WINNIPEG — Wet weather in the fall has raised concerns about potential spring flooding in Manitoba.
The provincial government said a record amount of rain fell across much of the province in October, and soil moisture at freeze-up was high in western and northern areas.
Water levels in rivers and streams are also above normal in some regions.
The Saskatchewan government issued a similar report last week, which said high precipitation in October could lead to an above-average spring runoff.
Infrastructure Minister Blaine Pedersen said it’s very early in the flood-forecasting season and there are many other factors that could affect water levels by spring.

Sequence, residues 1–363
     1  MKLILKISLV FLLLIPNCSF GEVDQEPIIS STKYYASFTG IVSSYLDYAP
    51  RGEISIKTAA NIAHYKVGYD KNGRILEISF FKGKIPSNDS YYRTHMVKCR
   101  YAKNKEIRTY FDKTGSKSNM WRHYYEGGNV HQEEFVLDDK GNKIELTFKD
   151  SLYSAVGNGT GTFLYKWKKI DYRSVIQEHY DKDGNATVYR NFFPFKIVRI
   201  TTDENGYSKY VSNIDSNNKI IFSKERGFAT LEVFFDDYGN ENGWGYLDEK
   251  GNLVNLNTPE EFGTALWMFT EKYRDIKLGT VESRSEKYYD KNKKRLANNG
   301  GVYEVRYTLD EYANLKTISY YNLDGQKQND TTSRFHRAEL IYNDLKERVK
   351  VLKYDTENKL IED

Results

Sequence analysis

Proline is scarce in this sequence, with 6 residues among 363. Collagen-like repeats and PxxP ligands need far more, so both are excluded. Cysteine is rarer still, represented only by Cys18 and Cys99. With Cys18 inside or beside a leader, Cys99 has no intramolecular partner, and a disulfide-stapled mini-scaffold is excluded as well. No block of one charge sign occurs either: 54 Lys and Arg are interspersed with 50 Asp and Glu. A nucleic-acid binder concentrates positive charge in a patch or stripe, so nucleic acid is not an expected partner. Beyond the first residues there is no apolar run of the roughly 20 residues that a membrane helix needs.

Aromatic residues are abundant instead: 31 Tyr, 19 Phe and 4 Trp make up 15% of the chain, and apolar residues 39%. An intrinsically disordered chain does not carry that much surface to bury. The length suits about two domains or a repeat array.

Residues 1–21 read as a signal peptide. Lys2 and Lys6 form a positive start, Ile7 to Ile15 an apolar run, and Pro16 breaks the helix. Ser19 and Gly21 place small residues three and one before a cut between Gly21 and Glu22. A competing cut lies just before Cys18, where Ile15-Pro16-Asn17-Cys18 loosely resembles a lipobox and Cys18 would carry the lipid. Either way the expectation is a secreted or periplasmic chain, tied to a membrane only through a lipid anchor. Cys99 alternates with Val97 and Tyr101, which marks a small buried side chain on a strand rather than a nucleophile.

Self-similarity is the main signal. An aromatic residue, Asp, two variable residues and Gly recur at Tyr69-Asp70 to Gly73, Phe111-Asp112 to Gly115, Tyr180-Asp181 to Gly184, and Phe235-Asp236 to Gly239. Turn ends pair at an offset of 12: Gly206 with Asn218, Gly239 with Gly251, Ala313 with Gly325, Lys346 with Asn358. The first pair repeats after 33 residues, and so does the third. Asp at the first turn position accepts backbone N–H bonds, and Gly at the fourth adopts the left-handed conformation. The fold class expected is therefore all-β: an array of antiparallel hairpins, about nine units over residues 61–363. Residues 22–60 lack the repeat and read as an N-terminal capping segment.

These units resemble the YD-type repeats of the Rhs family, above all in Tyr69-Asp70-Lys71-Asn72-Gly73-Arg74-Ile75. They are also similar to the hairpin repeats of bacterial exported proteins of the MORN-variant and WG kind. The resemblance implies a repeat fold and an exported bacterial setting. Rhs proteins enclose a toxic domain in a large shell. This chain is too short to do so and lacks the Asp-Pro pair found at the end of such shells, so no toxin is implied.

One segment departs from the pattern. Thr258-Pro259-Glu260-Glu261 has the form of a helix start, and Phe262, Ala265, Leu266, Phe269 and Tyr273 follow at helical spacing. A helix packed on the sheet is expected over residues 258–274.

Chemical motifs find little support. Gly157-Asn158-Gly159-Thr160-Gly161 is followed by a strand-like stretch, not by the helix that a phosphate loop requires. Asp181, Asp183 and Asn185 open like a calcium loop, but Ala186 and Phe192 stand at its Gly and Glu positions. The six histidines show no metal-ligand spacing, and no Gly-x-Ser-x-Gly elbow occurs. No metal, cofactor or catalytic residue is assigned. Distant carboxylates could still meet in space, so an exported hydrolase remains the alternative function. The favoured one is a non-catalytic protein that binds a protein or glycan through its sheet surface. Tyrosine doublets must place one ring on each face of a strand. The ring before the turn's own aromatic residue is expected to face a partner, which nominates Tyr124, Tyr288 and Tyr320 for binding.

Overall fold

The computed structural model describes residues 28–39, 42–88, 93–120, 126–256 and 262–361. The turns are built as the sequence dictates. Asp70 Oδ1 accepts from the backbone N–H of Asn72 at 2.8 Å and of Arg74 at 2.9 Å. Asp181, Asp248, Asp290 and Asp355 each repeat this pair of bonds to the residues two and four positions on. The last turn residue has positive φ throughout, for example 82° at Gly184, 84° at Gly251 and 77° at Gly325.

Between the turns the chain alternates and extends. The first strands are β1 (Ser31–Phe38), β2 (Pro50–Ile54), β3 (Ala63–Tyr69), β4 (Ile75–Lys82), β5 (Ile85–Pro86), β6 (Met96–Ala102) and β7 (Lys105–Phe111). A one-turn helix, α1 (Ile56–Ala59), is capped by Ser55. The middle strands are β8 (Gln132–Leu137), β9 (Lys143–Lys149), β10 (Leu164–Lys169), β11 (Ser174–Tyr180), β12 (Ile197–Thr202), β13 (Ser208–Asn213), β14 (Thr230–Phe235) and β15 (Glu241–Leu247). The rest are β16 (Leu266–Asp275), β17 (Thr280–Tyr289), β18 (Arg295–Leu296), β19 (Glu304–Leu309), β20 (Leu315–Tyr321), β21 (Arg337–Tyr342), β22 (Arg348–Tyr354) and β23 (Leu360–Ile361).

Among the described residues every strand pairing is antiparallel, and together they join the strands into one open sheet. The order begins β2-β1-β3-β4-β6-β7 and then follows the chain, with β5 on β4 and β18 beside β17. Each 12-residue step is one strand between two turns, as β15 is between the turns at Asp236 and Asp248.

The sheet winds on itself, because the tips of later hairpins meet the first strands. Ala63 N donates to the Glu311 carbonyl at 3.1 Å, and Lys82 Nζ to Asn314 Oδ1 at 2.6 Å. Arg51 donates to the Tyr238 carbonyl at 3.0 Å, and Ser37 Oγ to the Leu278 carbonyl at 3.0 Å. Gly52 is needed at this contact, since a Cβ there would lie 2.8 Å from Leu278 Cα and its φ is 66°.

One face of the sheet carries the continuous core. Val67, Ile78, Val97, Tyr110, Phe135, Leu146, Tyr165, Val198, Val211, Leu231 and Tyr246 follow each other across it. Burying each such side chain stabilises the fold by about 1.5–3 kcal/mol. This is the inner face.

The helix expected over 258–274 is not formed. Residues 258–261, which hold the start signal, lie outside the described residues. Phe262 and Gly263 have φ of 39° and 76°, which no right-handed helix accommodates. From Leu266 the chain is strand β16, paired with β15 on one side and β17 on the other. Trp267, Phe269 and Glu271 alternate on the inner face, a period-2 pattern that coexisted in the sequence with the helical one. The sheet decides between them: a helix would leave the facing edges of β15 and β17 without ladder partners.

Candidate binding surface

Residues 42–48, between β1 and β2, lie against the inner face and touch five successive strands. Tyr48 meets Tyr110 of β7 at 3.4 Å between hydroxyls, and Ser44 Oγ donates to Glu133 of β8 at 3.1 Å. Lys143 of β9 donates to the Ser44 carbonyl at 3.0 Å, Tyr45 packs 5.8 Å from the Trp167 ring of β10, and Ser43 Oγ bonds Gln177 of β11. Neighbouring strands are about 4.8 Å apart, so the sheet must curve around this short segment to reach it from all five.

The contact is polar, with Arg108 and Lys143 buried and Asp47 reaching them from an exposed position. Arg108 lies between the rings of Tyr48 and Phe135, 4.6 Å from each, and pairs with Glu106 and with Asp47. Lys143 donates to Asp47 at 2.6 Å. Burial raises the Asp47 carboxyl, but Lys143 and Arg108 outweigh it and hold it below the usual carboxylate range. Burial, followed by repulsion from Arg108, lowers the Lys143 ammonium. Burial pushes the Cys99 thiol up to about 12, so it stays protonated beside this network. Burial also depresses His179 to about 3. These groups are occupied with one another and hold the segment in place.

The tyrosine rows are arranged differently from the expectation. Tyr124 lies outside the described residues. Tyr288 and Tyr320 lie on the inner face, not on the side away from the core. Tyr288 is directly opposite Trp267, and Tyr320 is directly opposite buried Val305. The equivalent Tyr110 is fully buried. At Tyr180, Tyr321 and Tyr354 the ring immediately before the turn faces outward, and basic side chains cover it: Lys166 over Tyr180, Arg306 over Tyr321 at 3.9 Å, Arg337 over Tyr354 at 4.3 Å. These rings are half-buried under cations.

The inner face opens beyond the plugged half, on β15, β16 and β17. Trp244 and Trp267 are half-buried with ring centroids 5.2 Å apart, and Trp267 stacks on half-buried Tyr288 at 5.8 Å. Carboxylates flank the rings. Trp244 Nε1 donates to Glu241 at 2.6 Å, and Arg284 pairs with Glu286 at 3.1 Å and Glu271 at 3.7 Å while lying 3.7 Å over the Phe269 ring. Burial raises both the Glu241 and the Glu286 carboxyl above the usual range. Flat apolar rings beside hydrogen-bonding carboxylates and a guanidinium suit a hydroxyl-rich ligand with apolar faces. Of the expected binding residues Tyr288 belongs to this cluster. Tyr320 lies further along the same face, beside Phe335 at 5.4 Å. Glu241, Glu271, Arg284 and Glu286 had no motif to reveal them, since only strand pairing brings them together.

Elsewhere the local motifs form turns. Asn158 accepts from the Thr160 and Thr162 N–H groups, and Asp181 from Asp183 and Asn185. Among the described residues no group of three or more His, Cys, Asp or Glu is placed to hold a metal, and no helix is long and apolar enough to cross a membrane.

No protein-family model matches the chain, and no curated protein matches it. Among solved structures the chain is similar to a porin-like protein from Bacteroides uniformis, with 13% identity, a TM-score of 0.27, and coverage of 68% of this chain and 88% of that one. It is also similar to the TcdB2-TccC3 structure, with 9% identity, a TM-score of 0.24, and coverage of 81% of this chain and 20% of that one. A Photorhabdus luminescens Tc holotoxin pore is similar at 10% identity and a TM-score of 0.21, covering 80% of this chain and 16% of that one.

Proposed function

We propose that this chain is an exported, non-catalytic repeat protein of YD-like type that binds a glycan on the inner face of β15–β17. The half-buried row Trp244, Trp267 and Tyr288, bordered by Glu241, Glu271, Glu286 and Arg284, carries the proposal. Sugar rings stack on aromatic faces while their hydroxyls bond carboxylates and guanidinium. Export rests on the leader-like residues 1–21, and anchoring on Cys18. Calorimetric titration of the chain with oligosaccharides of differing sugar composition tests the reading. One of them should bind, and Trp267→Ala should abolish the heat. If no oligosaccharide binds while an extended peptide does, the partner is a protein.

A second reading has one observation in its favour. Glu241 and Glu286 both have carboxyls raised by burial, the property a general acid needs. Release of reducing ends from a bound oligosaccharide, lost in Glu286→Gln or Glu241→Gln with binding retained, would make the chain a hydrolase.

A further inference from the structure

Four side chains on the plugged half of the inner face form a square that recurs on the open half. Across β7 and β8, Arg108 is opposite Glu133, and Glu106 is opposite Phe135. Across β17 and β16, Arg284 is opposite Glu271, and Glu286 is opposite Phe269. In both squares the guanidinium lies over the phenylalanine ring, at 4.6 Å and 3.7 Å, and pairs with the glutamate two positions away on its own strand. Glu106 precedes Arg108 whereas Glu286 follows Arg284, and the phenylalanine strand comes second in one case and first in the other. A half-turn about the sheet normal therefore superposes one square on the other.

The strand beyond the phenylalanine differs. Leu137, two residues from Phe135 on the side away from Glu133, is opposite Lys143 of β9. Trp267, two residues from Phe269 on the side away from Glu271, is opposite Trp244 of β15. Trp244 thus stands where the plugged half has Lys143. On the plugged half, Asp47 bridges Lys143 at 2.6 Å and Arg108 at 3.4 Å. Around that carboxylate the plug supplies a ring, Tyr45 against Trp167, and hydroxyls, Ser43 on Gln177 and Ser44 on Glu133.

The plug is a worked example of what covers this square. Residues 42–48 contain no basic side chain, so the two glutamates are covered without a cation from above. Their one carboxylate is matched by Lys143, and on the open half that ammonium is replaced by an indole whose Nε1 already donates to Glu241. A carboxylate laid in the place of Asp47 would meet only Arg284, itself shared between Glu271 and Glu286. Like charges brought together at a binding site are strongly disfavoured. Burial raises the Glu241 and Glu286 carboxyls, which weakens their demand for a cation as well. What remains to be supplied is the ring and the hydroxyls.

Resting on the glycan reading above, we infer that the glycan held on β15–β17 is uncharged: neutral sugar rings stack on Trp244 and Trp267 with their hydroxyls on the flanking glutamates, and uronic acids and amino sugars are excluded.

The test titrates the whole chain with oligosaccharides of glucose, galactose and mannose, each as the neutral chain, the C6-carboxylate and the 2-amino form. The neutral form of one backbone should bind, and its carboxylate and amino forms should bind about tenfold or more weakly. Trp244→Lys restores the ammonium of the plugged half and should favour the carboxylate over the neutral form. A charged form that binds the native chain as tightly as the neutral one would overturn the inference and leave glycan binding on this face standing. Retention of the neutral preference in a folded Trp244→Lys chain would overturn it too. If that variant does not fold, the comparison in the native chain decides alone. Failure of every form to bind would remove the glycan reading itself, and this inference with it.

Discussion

But he said there is a chance of moderate to major flooding in some areas.
“In addition to freeze-up moisture and base river flows, other factors yet to be determined are winter and spring precipitation, melt rate, frost index and river and lake levels prior to spring runoff,” a news release from the Infrastructure Department said Tuesday.
After record rainfall in October in many areas, precipitation in November was above normal to well-above normal throughout southern Manitoba and the Interlake region.
- ‘Fond of drumsticks’: Royal Tyrrell paleontologists make new discovery in tyrannosaur diets
- 1.5C warming threshold could be hit temporarily in 2024: U.K. Met Office
- Google has launched its ‘most capable’ AI yet. What we know about Gemini
- Canadian firms paying ‘significantly’ more in ransomware attacks: data